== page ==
The most frequent error in part (ii) was to add just two terms instead of three. More work than necessary
was often done, twelve terms being found rather than just the three needed.
Answers: (i) 64 – 96x + 60x2 –20x3
(ii)
4
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General Certificate of Education Ordinary Level
Principal Examiner Report for Teachers
Question 3
Nearly all candidates knew to calculate values of x2y and to plot against x although a few weaker ones
plotted y against x. There were relatively few instances of unacceptably inaccurate plotting and a lot of
candidates scored the first 3 marks in this question, but could go no further.
Not all candidates rearranged the given equation to realise that the gradient was b and the intercept a.
A large proportion of the candidates attempted part (ii) by finding the gradient from their graph, though not all
continued to realise that the intercept gave a, choosing to find a by substitution.
A few ignored the instruction to Use your graph and used simultaneous equations, sometimes using the
original equation, usually unsuccessfully.
Answer: a = 5 b = 10
Question 4
This question was generally found to be straightforward and candidates frequently gained full marks,
although a large number failed to score the final two marks for the nature of the stationary values. Another
error sometimes seen was to substitute the x-values found into the expression for the derivative, when trying
to find y, leading to (3,0) and (–5,0). There were several cases of candidates misreading 45 as 4, which then
gave a far more complicated equation to solve. Whenever the solutions appear as awkward decimals it is
worth checking that the question has been read correctly. Some candidates solved the equation 6x + 6 = 0
and then decided that their 2 stationary points were both minima since the value of x was negative.
Answer: (–5, 235) maximum, (3, –21) minimum
Question 5
The first two parts of this question were generally answered correctly. However, only a handful of correct
solutions to part (iii) were seen and, in general, candidates displayed very little understanding of the
difference between vectors and scalars or of what is implied by equal vectors. This was a question where
several pages of algebra were sometimes seen, in spite of only 3 marks being available. A quick sketch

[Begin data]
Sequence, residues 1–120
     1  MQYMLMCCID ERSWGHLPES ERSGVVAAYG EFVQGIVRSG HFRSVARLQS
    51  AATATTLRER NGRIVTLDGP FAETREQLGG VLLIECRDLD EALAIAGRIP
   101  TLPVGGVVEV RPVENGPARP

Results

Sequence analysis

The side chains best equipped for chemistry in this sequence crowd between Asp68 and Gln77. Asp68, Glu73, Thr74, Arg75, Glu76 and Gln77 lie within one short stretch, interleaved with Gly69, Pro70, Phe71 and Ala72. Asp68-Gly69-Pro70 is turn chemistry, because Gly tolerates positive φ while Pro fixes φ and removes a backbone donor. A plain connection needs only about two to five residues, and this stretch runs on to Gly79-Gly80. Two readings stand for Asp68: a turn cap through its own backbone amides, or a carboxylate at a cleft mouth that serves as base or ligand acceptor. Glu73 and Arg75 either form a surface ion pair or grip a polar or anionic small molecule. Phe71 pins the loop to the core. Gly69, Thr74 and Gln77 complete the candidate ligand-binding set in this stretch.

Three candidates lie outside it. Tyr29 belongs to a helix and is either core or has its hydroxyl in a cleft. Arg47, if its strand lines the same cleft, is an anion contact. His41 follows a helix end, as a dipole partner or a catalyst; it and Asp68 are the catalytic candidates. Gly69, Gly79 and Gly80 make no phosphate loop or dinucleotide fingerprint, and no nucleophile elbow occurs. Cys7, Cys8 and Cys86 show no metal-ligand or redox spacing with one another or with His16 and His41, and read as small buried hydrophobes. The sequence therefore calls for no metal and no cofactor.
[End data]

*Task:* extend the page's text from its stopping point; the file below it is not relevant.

showing the line ABC, the origin, the coordinates and the lengths would have made this part straightforward.
It was common to see statements such as OA = AC or
⎛ 14 ⎞
OA + OC = 25 and the answer was frequently given as ⎜⎜ ⎟⎟ . Clearly, more time spent working on the topic
⎝ 48 ⎠
of vectors would be of value to many candidates.
However no such sketches were seen.
(ii) 5
(iii)
⎛ 22 ⎞
⎜⎜ ⎟⎟
⎝4⎠
Question 6
This was a question that discriminated well and it was encouraging to see how many able candidates scored
full marks.
In part (i) many were able to make a good attempt at differentiating 4 x + 12 although some did forget the
multiplication by 4. There were many good answers with the correct use of the product rule and the
subsequent simplification. Many candidates were able to make a single fraction and find k. Some decided
that k = 3 because of part (ii).
There were a lot of interesting ideas about integration. Despite the hence, too few of the candidates seemed
to be aware that the solution to this part was connected to part (i). There were many hopeless attempts to
integrate the numerator and denominator separately. Whatever they had made of the integration, most
candidates were aware of the necessary substitutions required to evaluate the integrated expression. The
(ii)
20
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General Certificate of Education Ordinary Level
Principal Examiner Report for Teachers
Question 7
Few candidates scored highly on this question although many picked up a mark or marks for the graph of
sin 2x in part (i). Many candidates did little else or tried to solve the given equation algebraically, incorrectly
introducing tangent into their equation. Of the candidates who did rearrange the equation to make sin 2x the
subject and hence obtain the equation of the second curve to be drawn, the sketches of the second curve
were sometimes poor, more often looking like a quadratic than a cosine curve. Having said this, some
beautiful, carefully drawn graphs were seen. In part (iii) it was not unusual for the values of x at the